Menino boasted of having "the foresight to prepare for the bad times," citing the city's debt refinancing. Point well-taken. But a year ago he laid down the gauntlet, calling for a return to neighborhood schools, which would save the city much of the $40 million it spends on transporting students each year. He has not chosen to use any political capital fighting for it. This should change.
Although Menino talked about foreclosures, he made it sound as though the city was having success on the issue. It is not, and it is a massive problem. That is not Menino's fault, but the problem is going to worsen without federal intervention.
On the development front, Menino boasted of "nearly 40 buildings" under construction, representing "some 10,000 permanent jobs." But the status of development is a huge problem, with major projects completely stalled. Columbus Center is probably the most prominent, but there are major examples in Chinatown, Downtown Crossing, the South Boston waterfront, the Fenway, and elsewhere. While all development projects have been negatively affected by the country's credit and financial crises, a number of these projects could have been expedited before the crises hit, had the mayor exercised greater political will in moving them along.
Menino rightly boasted of adding more Advanced Placement classes to the schools, but ignored the enormous and rapidly growing dropout rate. A year ago, this had been a major issue in the City Council races. No mention this time.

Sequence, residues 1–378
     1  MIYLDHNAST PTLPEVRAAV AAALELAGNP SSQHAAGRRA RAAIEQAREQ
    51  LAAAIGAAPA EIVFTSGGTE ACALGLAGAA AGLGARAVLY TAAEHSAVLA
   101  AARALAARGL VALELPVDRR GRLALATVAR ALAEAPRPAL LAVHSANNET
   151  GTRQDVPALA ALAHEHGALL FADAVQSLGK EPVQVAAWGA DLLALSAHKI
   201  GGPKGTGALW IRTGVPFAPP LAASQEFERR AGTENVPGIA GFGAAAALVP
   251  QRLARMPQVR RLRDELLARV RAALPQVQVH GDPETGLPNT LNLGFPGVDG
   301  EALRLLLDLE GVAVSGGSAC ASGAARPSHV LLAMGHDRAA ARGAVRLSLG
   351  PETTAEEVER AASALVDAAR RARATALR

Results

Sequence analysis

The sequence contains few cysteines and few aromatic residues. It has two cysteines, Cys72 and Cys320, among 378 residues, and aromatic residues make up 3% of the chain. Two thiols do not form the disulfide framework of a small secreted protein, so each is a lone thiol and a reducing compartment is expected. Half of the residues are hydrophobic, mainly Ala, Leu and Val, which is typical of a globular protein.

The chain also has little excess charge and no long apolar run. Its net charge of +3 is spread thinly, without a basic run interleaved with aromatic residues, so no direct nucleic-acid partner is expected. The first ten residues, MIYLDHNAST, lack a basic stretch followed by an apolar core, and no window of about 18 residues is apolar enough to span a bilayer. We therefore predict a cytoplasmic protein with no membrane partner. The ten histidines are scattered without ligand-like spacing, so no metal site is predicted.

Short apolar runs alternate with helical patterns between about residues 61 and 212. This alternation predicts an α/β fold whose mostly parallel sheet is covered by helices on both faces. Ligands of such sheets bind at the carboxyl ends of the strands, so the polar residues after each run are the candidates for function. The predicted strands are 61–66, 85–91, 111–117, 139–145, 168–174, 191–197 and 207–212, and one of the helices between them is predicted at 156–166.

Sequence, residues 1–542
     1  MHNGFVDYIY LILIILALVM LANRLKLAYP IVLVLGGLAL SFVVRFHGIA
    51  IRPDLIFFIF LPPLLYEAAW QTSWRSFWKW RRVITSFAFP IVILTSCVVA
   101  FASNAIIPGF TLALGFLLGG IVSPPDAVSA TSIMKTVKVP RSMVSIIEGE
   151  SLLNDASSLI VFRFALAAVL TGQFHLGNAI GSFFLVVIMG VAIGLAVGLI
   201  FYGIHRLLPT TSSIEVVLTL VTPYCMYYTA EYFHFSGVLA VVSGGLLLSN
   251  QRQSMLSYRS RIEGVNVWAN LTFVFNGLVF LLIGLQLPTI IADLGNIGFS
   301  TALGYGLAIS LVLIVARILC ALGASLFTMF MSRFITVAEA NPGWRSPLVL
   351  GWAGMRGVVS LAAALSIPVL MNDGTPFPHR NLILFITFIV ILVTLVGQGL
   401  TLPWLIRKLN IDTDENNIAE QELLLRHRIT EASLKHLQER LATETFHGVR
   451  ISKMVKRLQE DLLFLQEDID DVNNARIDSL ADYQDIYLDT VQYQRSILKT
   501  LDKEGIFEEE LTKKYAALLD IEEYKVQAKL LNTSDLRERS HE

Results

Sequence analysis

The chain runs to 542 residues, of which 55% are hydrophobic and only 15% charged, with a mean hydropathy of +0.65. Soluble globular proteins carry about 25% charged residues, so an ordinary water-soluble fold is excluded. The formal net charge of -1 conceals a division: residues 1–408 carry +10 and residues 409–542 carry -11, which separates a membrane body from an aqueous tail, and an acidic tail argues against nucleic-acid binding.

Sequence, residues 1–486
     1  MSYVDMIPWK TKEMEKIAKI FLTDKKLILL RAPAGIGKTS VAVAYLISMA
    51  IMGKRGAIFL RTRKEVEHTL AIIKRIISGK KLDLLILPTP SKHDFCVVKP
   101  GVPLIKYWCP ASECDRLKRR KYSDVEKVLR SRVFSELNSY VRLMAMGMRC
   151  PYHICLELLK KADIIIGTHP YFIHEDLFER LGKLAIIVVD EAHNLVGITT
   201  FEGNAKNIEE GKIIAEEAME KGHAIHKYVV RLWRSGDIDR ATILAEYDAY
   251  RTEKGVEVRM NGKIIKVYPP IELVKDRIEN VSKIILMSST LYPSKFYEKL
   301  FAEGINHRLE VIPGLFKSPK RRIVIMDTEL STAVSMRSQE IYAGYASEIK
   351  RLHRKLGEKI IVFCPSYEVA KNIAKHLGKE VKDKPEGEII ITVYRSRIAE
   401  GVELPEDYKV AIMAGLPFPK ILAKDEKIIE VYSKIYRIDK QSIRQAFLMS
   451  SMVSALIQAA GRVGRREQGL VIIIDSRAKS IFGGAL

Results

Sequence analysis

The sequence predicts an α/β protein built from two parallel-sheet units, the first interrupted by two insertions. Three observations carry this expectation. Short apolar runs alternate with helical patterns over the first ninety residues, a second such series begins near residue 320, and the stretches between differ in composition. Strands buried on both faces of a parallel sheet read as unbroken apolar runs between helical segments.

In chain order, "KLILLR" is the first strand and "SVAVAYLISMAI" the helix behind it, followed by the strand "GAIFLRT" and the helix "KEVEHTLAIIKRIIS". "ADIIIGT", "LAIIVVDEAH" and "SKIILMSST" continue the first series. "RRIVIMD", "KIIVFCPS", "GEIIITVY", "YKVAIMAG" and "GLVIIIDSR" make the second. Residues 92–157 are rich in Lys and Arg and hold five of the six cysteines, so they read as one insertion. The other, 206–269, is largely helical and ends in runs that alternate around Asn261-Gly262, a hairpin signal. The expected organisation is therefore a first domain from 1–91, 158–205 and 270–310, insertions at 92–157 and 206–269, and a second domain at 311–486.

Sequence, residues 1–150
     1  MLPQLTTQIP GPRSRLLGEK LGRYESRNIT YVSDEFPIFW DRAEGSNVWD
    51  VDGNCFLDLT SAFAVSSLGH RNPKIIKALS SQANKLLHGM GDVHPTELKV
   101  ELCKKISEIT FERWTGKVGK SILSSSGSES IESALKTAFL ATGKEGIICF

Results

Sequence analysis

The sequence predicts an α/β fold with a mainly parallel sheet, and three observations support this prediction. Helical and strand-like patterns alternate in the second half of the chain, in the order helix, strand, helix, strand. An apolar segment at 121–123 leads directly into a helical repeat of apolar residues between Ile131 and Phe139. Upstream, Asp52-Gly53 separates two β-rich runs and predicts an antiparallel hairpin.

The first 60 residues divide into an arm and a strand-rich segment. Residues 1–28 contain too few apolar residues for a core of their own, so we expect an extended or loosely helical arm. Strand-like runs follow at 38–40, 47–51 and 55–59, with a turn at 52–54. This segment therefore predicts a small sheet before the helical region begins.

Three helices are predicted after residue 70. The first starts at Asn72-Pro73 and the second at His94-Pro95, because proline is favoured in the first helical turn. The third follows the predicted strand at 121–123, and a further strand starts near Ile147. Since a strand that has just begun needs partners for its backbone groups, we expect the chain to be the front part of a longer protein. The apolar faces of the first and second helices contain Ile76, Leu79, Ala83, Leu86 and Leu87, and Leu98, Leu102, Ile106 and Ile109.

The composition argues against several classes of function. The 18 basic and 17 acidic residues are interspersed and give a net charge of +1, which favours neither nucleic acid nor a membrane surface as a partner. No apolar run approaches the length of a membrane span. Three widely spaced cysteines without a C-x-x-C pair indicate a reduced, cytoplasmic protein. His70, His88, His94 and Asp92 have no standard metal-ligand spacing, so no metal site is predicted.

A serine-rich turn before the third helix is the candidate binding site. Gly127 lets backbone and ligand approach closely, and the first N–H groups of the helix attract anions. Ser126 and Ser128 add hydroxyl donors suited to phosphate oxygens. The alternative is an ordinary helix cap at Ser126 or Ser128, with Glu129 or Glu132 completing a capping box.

No mention also of the corruption scandals that were probably the city's biggest political story of the past year. Naming names would have been uncomfortable, given that indicted City Councilor Chuck Turner was in the front row and embattled Speaker of the House Sal DiMasi was in the second. But the truth is that too many people throughout Boston now think that too much of everything is for sale inside the corridors of power. There is an ongoing federal investigation that may yet involve city employees. It would be fitting for the mayor to speak out strongly about the need for honesty and transparency in government.
There was likewise no mention of the firefighter safety issues, which is understandable, given the recent death of Lieutenant Kevin Kelley and the difficult questions it raises about the inadequacy of city-maintenance procedures. But bear in mind that a year ago, Menino stood up and said in no uncertain terms that he was going to get the firefighters' union to agree to alcohol and drug testing. It is the shame of the union that this has not happened. But that does not alter reality.
Perhaps most disturbing, Menino breezily boasted that crime is down in the city, striking a far different tone than the last two State of the City speeches, which dwelt considerably on that issue. The truth is that gun violence has not decreased: it has plateaued. Roughly the same number of people was shot in 2008 as in 2007 — a statistic that has mostly persisted for four years running (and one that is perhaps twice as high as it was from 1996 to 2003). It is certainly not for lack of trying. But effort does not equal results.
The coming months are going to be difficult. As a community, Boston is going to need a sense of common purpose to tackle the adversity. Menino ably supplied that in his Faneuil Hall address. But the problems of the past years have not disappeared. Rather, they have been compounded by economic distress. It is important for all to recognize this.
To contact Senator Kennedy and ask him to help include funding for education in the economic-stimulus package, click here, write to 2400 JFK Building, Boston, MA, 02203, or call 617.563.3170.